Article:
My friend Jazz Shaw has an, er, interesting take on my post regarding FOCA and Catholic hospitals. He finds the final option of closure by Catholic bishops opposed to government coercion of abortions so distasteful that he wonders aloud whether the Catholic Church can be allowed to close its hospitals, or whether farmers can choose not to farm:
One of the fundamental dangers – widely and correctly considered to be a threat to our national security – of allowing foreign, potentially hostile nations to control our supply of oil, is the concern that they could cut it off at any time for any reason to our detriment. They might do it for religious or political reasons, or perhaps as part of a larger war effort. This is why it’s important to boost our own supplies. If we are to take the Catholic Church at their word, then FOCA and the larger abortion question have nothing to do with this question. The true issue is that they are apparently willing to cut off all emergency, required medical support to their individual communities because they do not agree with restrictions and legislation passed by the lawfully elected government of the United States.
First, Catholic hospitals are not owned by “foreign, potentially hostile nations.” They’re usually owned by the diocese, and sometimes by Catholic orders which exist independent of the diocese relationship. They receive their funds from parishioners in that diocese as well as through such fees as can be collected from patients and their insurers. Unlike OPEC, they don’t operate a monopoly. Anyone can open a hospital in the US, as long as they don’t mind losing money as Catholic hospitals do, thanks to their charitable work in low-income communities. That’s a strange analogy to use.
We’re not talking about a car dealership closing down here. Were that the case, drivers could travel to purchase cars from more distant towns until the demands of the open market drove the opening of a new dealership.
Well, that’s actually what we are talking about. If a Catholic hospital closes, people will have to go to another health-care facility. Again, Catholics do not have a monopoly on health-care facilities, nor have they ever argued for having one. They do offer health care as a voluntary service to poorer communities as part of their social-justice mission. The other options may be farther away or not as accommodating, but that’s just the way it is.
Suddenly cutting off local health care is on par with suddenly putting an embargo on a nation’s oil supply.
Again, Catholics do not run the entire health-care system. It’s nothing of the sort.
If the representatives of the Catholic Church who control the flow of vital health care services are willing to even suggest that they would remove all health care because of rules and laws regarding abortion and family planning, they are, in effect, threatening an even worse embargo and demonstrating that they really don’t care about the welfare of the citizens in their communities.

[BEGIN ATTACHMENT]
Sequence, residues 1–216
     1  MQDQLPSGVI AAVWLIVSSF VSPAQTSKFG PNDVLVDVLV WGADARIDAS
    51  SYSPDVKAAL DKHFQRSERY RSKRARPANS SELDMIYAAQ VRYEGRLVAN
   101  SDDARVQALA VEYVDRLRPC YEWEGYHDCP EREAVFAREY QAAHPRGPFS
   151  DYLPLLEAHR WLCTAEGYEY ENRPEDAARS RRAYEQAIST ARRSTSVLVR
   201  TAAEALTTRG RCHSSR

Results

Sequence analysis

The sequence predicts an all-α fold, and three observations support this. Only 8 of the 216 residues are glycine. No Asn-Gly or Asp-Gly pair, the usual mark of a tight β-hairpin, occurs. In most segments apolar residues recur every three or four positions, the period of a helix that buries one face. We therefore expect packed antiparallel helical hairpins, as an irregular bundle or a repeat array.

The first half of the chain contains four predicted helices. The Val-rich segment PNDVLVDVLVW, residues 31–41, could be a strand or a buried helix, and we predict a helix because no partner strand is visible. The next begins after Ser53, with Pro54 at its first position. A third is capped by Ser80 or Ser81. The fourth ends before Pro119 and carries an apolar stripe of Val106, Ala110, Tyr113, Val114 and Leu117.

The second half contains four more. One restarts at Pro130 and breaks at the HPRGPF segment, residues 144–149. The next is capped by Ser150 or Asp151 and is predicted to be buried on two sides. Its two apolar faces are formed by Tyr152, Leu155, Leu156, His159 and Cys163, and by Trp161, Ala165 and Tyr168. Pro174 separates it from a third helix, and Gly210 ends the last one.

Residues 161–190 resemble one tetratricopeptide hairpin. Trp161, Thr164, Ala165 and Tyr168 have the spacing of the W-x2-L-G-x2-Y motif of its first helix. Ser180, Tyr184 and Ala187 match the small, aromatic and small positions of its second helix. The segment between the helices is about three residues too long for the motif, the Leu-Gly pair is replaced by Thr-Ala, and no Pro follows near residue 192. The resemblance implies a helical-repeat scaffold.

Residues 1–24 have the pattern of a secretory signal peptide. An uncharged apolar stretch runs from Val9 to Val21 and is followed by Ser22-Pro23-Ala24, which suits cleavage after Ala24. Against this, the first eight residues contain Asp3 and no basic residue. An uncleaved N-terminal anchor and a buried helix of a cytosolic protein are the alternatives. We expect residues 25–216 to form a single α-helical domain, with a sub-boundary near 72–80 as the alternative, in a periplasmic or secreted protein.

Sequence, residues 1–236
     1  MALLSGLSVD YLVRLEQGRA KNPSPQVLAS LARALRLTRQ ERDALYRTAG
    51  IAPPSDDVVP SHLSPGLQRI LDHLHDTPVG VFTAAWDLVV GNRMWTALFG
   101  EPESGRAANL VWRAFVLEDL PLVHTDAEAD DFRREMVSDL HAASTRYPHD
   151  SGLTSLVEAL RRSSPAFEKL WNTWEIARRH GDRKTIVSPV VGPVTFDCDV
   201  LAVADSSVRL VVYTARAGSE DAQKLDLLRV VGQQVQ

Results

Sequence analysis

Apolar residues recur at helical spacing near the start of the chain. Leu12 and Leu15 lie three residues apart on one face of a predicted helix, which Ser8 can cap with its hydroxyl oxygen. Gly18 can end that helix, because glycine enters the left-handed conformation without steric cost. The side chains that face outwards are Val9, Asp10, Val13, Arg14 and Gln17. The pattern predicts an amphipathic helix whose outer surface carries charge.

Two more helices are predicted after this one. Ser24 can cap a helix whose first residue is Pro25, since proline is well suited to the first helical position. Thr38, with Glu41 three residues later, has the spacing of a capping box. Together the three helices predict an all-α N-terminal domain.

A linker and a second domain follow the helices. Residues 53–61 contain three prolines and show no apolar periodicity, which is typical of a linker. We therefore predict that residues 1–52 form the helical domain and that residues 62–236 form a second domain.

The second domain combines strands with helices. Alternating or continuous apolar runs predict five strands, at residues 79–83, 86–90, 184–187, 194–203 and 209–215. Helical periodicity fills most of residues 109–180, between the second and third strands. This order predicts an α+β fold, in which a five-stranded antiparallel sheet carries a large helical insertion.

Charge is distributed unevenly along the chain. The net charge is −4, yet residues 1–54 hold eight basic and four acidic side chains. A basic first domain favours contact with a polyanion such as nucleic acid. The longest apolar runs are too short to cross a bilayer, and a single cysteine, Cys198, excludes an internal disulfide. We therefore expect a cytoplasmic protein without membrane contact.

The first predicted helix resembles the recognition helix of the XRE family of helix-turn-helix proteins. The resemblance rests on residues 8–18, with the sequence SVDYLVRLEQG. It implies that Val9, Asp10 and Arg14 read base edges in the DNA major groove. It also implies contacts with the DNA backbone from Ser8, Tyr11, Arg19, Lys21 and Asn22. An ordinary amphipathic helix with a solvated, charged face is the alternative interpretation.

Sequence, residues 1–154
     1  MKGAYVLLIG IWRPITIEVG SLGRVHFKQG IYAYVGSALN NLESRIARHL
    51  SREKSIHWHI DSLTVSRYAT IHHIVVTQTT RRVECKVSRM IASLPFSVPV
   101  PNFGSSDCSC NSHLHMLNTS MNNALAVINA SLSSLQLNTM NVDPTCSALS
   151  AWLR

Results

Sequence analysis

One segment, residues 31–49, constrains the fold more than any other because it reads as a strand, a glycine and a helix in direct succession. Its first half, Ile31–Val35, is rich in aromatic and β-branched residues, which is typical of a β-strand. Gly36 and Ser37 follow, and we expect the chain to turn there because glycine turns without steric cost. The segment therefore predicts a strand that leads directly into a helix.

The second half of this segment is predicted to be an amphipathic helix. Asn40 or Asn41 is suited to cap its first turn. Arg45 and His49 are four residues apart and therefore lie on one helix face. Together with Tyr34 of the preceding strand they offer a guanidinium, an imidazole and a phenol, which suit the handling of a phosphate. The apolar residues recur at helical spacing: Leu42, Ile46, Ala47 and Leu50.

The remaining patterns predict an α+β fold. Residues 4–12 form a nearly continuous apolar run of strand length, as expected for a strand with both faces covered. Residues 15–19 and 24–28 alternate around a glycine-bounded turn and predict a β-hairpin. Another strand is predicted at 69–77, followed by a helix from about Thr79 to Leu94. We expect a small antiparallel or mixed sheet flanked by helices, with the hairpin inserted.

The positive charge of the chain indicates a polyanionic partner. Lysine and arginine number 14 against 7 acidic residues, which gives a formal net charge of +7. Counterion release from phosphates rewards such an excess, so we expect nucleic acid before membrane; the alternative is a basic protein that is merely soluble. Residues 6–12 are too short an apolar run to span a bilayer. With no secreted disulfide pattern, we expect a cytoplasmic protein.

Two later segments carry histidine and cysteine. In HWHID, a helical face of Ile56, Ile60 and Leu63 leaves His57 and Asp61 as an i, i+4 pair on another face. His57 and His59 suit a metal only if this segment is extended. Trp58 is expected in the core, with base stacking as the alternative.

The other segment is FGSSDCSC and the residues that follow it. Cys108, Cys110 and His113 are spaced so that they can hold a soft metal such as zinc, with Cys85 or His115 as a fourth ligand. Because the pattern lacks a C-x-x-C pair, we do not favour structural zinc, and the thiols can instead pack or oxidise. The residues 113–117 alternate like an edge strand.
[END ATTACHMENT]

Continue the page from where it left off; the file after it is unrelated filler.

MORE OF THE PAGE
I’d argue that they’re setting their priorities in keeping with the tenets of their faith, and again, the argument that closing the 4,000 Catholic facilities around the nation would end all health care in America is just silly. They are a small but important part of the health care system, but they are not a national HMO, which gets us to the crux of Jazz’s argument.
What if the nation’s farmers banded together and declared that all food production would suddenly cease unless the government abandoned NAFTA? Can we legally force them to produce food even if people are starving the next week?
Er, no. You can’t force farmers to produce food if they don’t want to do so, and I’d think this was rather obvious. It’s their land, and they can choose not to grow crops if they want. It may not be their land for long if they don’t get revenue from it, but the government cannot march onto the farm and force them to work the land, even if they default on the mortgages. That’s slavery, and though Jazz jokes about writing this for Pravda, it’s exactly what the Soviets did for decades and what the Germans did in 1933 with their Hereditary Farm Law (William Shirer’s Rise and Fall of the Third Reich, pp 257-8).
Catholic churches own these hospitals, and they can choose at any time to close their businesses, just as anyone else can close their business when it no longer makes a profit or when other costs become too high. Just as with the farmers, all the government can do is negotiate with them to find ways to keep them in business, but government has no right to force a private business to remain open — or to offer services to which the proprietor objects. If government action threatens to force Catholics to choose between their faith and their hospitals, then government needs to determine whether they’d rather the hospitals stay open or force a showdown.
Don’t worry; Jazz does better on Card Check.